If you've watched TV at all in the last couple of months, you've seen the ads for the newest Google smart phone, the Pixel 8. Most of the ads focus on a new AI system that edits pictures (Magic Editor) and videos (Magic Eraser). Here's how Google describes the feature in their online store:
Check out the fine print: the new editing tool allows you to alter photos not so that they better match reality but so they better match your vision. Cameras are becoming more and more tools to create fiction rather than tools to document reality.
The website provides an innocuous example of the Magic Editor in use. A woman poses on the beach, but she is off-center, the color is washed out, and there is a lifeguard and stand in the background. It's a perfect example of reality intruding on our "vision."
Never fear. The Magic Editor can get this all cleaned up. We can delete the aspects of reality we don't like (goodbye, lifeguard!), enhance our perspective on the world (like putting ourselves at the center), and add fictional elements that would make our world seem better (like color). The net result is a fictional image rather than an accurate one:
The TV commercials for the phone give even more dramatic examples of what this kind of AI editing might look like. In one, a father is out on the beach with his young child, and he throws him up in the air to catch him. He doesn't throw him very high. In fact, he throws him far lower than the photographer would like. And so, the photographer uses the Magic Editor to cut-and-paste the child several times higher in the air. When the photo is all done, the dad looks like some sort of super-dad, hurling his child into the sky.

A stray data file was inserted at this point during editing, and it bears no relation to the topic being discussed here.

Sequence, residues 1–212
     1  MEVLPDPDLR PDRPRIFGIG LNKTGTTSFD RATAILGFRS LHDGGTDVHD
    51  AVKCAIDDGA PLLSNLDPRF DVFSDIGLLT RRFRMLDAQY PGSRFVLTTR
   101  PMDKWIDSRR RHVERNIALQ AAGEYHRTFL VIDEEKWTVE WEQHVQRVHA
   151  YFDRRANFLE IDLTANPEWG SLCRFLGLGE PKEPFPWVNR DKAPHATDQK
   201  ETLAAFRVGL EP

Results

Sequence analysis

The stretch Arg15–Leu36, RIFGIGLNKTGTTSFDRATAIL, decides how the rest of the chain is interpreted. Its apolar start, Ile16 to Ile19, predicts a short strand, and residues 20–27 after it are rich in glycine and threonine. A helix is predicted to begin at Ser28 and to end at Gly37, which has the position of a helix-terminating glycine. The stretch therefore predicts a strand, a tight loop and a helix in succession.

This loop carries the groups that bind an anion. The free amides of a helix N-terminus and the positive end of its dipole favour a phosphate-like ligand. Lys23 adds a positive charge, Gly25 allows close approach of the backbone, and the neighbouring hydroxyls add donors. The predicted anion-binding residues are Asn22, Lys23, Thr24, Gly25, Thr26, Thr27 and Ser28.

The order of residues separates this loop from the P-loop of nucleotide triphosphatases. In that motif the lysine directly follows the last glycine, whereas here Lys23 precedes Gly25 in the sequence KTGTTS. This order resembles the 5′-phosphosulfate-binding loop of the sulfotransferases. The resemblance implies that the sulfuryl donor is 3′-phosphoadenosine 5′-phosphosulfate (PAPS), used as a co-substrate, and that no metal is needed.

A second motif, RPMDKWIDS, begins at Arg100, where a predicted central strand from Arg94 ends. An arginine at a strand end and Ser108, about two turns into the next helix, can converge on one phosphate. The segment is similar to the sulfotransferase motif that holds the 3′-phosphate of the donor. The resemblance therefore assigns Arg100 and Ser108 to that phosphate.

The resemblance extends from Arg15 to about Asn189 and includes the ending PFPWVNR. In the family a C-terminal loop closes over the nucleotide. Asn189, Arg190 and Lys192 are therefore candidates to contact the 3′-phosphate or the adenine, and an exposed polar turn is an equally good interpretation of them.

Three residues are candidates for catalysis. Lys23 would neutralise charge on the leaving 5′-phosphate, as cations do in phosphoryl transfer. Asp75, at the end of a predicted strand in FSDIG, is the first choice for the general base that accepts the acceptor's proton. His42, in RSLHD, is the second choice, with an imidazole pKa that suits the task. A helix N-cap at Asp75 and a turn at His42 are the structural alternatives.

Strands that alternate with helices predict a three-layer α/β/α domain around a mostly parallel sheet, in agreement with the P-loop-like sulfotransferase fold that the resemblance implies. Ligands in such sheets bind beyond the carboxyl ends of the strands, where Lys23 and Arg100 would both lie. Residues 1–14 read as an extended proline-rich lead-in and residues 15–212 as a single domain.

In another, a mother is taking pictures of the Macy's Day Parade. There's a group of professional dancers doing a kickline in the middle of the street while a little girl watches along from the sidelines. The subtext is that the little girl is the woman's daughter and that she desperately wishes she could be in the parade, too, right alongside the professionals. Easy work: the mother takes a picture of the scene, highlights her daughter, and drags her image into the street right alongside the professionals. The edited image makes it look like the daughter was part of the parade all along. You'd think that was pretty impressive when you saw the image on your Instagram feed.
All this goes for video editing, too. Magic Eraser lets you edit out aspects of your video that don't align with "your vision." Did you take a video during the game when the announcer was giving the score in the background? No problem: Magic Eraser allows you to select just the audio associated with the announcer and delete it from your final video file. You can get videos of landscapes without the sound of traffic, beaches without the sound of waves, and birthday parties without the sound of singing.
The advent of this level of editing technology literally at your fingertips is guaranteed to make the fake news problem even worse.
Yes, of course, editing photos and videos is a matter of degree. But the new AI editing tools go far beyond the minor tweaks that happen with filters and the like. Harmlessly adjusting the warmth of a color is a minor thing. But adding and subtracting people from the frames is a major thing. This year's Wedding Photo of the Year featured a bird that landed on a bride's head during the vows. That would be a lot less impressive if produced with the Magic Editor.
It's also true that we've had the ability to manipulate photos and videos for a long time. Photoshop was developed in 1987, and its power has grown every year since. But the Pixel 8 is not just another small step down the editing continuum. It allows amateurs to alter media in radical ways in mere seconds. Up until now, those kind of alterations were possible but required time, expertise, and special programs. Well-funded political campaigns could afford to hire experts to produce fakes, but your neighbor down the street couldn't. Now the playing field has been leveled.